By 2040, zero-emission energy sources will make up 60% of installed capacity. Wind and solar will account for 64% of the 8.6 terawatts (trillion watts or TW) of new power capacity.
The "New Energy Outlook 2016" forecast charts a significantly lower track for global coal, gas and oil prices than it did a year ago. It now estimates that $7.8 trillion will be invested in renewables over the next quarter century, compared to $1.2 trillion for new coal plants -- largely in India and other Asian emerging markets.
Renewables will dominate in Europe, which will overtake the U.S. in zero-emission power generation. Wind, solar, hydro and other renewable energy plants will generate 70% of Europe's power in 2040, up from 32% in 2015.
In the U.S., renewable energy's share will jump from 14% of energy production in 2015 to 44% in 2040. Energy generated from natural gas will slip from 33% to 31%.
"One conclusion that may surprise is that our forecast shows no golden age for gas, except in North America. As a global generation source, gas will be overtaken by renewables in 2027," Elena Giannakopoulou, senior energy economist on the report, said in a statement. "It will be 2037 before renewables overtake coal."
Electric vehicles drive up power demand, drive down battery prices
The electric vehicle boom will increase electricity demand by 2,701TWh (terawatt hours), or 8% of global electricity demand in 2040. EVs will will represent 35% of worldwide new light-duty vehicle sales that year, equivalent to 41 million cars, some 90 times the number that sold last year. Coinciding with skyrocketing EV sales, small-scale battery storage will grow to be a $250 billion market, Bloomberg said.
The rise of EVs will drive down the cost of lithium-ion batteries, making them increasingly attractive to be deployed alongside residential and commercial solar systems.
"We expect [the] total behind-the-meter energy storage to rise dramatically from around 400MWh [megawatt hours or million watt hours] today to nearly 760GWh [gigawatt hours or billion watt hours] in 2040," the report said.
The term "behind the meter" refers to energy use by households and businesses.
While progress in the growth of zero-emission renewables is forecast to surpass previous estimates, the Bloomberg report also noted that greenhouse gas emissions will also continue to grow.
"Some $7.8 trillion will be invested globally in renewables between 2016 and 2040, two thirds of the investment in all power generating capacity, but it would require trillions more to bring world emissions onto a track compatible with the United Nations 2°C climate target," Seb Henbest, Bloomberg New Energy Finance analyst and the lead author of the study, said in a statement.
The U.N.'s 2°C climate target was part of a 196-nation agreement reached at the Paris conference in December to limit global warming to 2 degrees Celsius above pre-industrial levels by the year 2100.
In the new report, Bloomberg New Energy Finance stated that the U.N. 2⁰C climate target would require much more money to attain it.
"On top of the $7.8 trillion [in renewable investments], the world would need to invest another $5.3 trillion in zero-carbon power by 2040 to prevent CO2 in the atmosphere rising above the Intergovernmental Panel on Climate Change's 'safe' limit of 450 parts per million," Bloomberg stated.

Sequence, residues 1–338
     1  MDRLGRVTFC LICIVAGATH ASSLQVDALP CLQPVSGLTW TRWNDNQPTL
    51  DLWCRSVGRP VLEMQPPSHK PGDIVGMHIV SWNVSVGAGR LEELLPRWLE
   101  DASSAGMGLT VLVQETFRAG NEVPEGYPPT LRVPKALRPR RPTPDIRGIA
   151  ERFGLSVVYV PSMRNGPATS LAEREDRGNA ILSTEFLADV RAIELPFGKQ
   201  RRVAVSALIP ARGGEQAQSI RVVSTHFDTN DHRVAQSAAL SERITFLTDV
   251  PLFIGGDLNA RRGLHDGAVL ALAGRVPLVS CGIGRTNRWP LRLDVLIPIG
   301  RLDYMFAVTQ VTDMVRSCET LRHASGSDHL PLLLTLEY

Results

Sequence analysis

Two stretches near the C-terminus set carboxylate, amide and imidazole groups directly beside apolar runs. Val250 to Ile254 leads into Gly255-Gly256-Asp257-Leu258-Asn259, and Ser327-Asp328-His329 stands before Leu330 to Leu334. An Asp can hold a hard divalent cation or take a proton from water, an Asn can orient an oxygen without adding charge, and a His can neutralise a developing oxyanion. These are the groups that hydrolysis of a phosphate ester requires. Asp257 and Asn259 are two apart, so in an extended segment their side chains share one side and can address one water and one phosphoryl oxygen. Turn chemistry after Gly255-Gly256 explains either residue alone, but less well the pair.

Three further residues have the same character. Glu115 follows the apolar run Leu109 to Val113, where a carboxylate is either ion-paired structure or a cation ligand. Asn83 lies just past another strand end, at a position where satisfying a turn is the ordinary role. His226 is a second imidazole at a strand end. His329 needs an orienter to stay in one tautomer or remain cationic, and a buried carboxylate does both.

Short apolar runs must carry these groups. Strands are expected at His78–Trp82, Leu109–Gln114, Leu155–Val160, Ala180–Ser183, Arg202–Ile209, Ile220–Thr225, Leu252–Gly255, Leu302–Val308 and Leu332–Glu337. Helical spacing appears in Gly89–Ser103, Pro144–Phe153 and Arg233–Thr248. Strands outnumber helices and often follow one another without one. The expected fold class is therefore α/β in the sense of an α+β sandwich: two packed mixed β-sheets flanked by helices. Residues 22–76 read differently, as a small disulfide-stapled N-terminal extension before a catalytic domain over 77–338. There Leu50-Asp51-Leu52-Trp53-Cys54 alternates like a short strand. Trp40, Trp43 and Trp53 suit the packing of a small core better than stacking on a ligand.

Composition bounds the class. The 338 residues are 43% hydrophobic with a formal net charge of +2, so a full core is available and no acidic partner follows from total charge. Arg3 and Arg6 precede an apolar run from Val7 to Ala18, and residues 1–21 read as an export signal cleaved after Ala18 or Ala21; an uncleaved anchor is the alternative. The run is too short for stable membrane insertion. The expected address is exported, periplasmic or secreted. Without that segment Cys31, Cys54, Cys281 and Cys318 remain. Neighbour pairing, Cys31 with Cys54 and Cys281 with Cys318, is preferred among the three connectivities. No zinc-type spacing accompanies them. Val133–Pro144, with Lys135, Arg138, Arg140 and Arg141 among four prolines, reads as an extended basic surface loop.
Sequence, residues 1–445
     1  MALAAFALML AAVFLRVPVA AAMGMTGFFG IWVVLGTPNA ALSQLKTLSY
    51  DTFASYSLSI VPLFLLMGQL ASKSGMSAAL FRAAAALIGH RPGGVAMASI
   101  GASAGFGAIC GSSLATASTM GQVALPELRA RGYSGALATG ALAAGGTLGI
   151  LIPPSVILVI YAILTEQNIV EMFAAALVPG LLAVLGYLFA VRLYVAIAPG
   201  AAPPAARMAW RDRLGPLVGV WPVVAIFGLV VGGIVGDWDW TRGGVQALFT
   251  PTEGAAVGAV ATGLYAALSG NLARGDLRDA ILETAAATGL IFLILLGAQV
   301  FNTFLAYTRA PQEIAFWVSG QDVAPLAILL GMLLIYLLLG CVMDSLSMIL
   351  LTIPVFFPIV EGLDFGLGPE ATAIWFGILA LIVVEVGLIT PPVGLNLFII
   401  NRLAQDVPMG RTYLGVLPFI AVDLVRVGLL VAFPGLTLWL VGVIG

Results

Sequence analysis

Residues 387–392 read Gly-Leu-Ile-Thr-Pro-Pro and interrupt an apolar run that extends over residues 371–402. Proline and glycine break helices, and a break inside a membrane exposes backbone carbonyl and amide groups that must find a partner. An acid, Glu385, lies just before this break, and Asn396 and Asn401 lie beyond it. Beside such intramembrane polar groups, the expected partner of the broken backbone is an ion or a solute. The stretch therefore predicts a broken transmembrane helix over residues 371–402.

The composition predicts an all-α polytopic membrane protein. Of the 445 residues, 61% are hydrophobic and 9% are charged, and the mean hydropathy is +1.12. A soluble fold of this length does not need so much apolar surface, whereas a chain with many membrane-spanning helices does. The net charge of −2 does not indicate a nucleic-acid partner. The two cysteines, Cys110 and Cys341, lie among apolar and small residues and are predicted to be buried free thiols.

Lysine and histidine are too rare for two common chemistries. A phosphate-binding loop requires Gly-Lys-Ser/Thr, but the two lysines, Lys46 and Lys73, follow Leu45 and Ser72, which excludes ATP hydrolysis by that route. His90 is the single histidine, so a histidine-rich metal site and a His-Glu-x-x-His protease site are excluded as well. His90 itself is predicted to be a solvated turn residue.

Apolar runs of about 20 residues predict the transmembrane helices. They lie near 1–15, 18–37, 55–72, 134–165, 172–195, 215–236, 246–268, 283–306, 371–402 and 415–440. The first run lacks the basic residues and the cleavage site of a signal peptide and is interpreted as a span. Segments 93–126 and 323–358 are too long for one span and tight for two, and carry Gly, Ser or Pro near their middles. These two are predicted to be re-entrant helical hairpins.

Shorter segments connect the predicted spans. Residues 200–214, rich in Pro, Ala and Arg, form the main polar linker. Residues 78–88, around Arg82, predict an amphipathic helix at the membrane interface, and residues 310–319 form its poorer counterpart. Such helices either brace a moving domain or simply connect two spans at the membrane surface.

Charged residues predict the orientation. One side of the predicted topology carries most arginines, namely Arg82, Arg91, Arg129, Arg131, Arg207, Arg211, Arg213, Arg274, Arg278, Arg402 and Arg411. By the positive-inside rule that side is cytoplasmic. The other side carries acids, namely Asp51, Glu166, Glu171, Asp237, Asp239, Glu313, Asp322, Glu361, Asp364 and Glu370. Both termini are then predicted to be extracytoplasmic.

Onshore and offshore wind will see $3.1 trillion in new investments over the next two decades, while utility-scale, rooftop and other small-scale solar will get $3.4 trillion. Hydro-electric, already a well-established zero-emissions energy source, will receive an additional $911 billion in investments by 2040.
Bloomberg reduced its long-term forecasts for coal and natural gas prices by 33% and 30%, respectively, compared to last year's projection, reflecting a projected supply glut for both commodities.
But Bloomberg expects natural gas prices in the U.S. to more than double from 2016 to 2040, hitting $5.60 per million BTUs (British thermal units); coal prices, on the other hand, should fall in the near-term and then stay flat from 2020 to 2040 at $43 per ton, according to Colleen Regan, head of Environmental Markets in North America at Bloomberg New Energy Finance.
The cost of generating zero-emissions energy is also expected to drop precipitously. For example, the cost of generating a million watt hours (mWh) through onshore wind is expected to fall 41% by 2040, and solar photovoltaics will plummet by 60%, "making these two technologies the cheapest ways of producing electricity in many countries during the 2020s and in most of the world in the 2030s," the report said.
China, India to dominate fossil fuel investments
Over the next 25 years, new investments in fossil fuel power will total $2.1 trillion, predominantly in emerging economies. About $1.2 trillion will go into new coal-burning capacity, and $892 billion into new natural gas-fired plants.
While China and India are expected to lead investments in coal-fired power generation, Bloomberg predicted lower levels than in previous estimates.
Changes in the Chinese economy, and a move to renewables, mean that coal-fired generation there in 10 years' time will be 1,000TWh, or 21% below the figure predicted in Bloomberg's 2015 New Energy Outlook.
"That makes India the key to the future global emissions trend," the report stated. "Its electricity demand is forecast to grow 3.8 times between 2016 and 2040. Despite investing $611 billion in renewables in the next 24 years, and $115 billion in nuclear, it will continue to rely heavily on coal power stations to meet rising demand."
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